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Your Meditation Questions & Answers

With Stephen Procter

This section is dedicated to questions on Mindfulness Meditation from many students all over the world. If you have a question that you would like to ask you can said it to this address: Send a Message
thankyou and take care,
Stephen Procter

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Increased Sensitivity to Delusion

QUESTION from Anomynous: In August I did some intensive meditation, more or less isolated from the daily life, and I felt great (maybe you remember my report about some nice states I achieved). Since September I’m back to daily life and I experienced and still experience the following:

It seems that I’m much more receptive for sensual contact, especially seeing and hearing. It seems that I’m getting more and more irritated from things people do and say or by the human being as such. It doesn’t matter if they say or do it to me, just seeing or hearing is sufficient to trigger internal reactions like anger, irritation and antipathy.

Sometimes the voice alone or some kind of behavior is sufficient. I’m not sure if people around me take notice, but at least I take notice of it. I watch other people’s behavior and can see how they are driven by fear and greed and how they ignore reality and lie to themselves and to others to justify what they do. Recognizing all this makes me angry.

I see how things (e.g. peoples comments, reactions, behavior etc.) repeat itself over and over again. I see that my own reactions/thoughts repeat themselves over and over again and I can't stop it. It is like being forced to listen to a sound without being able to stop it. It feels like I have to react somehow (change job because I can’t hear and see my boss anymore, move to another place with less people or to isolate myself).

I thought I can handle it by just watching it, but I have fears that I cannot handle it any longer, because it is really strong and lasts continuously (only when I sleep I feel relieved – that is why I try to sleep very much).

On the one hand my perception shows me how absurd things are (which is OK), but on the other hand the feelings that come across with that perceptions provoke a lot of suffering in me.

The perception combined with neutral or happy feelings would be much more manageable for me. Not sure if this is the right path …

I would be happy if you would share your thoughts …

ANSWER: Yes this is the right path, the symptoms you are experiencing is a sign that Mindfulness is causing your awareness to concentrate and clarify. When this happens we become more sensitive to our senses and our responses to them, similar to how sensitive we get to anything touching our body when we are sick, development of the practice increases our sensitivity to the world touching us.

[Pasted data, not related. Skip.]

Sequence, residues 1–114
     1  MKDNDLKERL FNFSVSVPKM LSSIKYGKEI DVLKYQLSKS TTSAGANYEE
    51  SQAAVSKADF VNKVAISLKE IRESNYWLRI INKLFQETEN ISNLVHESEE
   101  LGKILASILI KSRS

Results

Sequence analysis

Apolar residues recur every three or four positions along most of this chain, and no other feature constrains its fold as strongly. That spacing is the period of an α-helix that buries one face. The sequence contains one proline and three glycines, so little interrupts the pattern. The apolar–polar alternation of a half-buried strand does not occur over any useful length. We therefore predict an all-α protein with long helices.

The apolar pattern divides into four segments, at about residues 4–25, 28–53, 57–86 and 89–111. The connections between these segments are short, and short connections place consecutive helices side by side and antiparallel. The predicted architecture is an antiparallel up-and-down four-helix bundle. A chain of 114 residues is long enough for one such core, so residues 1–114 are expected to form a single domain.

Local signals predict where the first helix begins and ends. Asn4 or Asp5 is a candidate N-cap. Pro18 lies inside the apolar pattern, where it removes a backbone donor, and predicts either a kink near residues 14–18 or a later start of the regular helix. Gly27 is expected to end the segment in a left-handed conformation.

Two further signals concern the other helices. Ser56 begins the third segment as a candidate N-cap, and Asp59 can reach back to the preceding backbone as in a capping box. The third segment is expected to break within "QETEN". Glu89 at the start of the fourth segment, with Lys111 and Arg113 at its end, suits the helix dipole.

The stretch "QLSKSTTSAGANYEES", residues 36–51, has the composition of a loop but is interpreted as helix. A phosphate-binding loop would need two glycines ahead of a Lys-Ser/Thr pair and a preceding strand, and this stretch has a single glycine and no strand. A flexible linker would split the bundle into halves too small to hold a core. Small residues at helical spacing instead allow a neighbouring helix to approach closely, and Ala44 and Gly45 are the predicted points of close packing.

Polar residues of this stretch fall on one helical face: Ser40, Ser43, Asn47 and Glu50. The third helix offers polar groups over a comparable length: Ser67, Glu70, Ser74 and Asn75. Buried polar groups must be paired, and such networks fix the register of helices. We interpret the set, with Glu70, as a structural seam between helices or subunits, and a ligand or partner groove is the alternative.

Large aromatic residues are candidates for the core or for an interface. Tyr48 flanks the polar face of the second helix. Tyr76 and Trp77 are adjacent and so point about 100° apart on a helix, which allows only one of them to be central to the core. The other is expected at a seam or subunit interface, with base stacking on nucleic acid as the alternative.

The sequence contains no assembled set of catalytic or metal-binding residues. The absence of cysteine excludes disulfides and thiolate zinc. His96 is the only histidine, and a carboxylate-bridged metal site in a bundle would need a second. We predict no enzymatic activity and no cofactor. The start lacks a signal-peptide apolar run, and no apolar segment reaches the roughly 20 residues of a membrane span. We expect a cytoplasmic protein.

The triggered reactions such as irritation and then anger that arise from this sensitivity are your natural habitual mode of reacting, at the times when these arise you are experiencing your Karmic response to life. These Karmic seeds ripening as irritation and anger have been planted by you through your reactions in the past and are ripening because of your current sensitivity to sense contact right now. The seeds arise as the feeling of irritation and sprout when reacted to as the feeling of anger.

Your task as the meditator is to be aware of the feelings and the cycle in which they arise and to ‘soften’ into them, you can use gentle deep breathing to do this, relaxing on the out breath. If you do not soften into and accept these feelings / seeds when they arise and they sprout due to your participation, then you will not only re-enforce the patterns but plant more seeds that have the potential to be triggered in the future, the likely hood of irritation and anger will increase.

It is only through being mindful of and relaxing into these feelings, allowing them to be, that you will start to burn up old Karmic seeds without planting new ones and you will be on the way out of conditioning into the unconditioned. The key is the feeling tone, Vedana, located in these feelings, it appears as either a unpleasant or pleasant feeling tone, like the ‘flavour’ of the experience.

What I would like you to notice is that even thought the pleasant or unpleasant feeling compels you to move, to react, within itself it can not hurt you, it has no power to make you move / react. Resisting it, not giving it any value will not hurt you in any way, instead it will increase your freedom.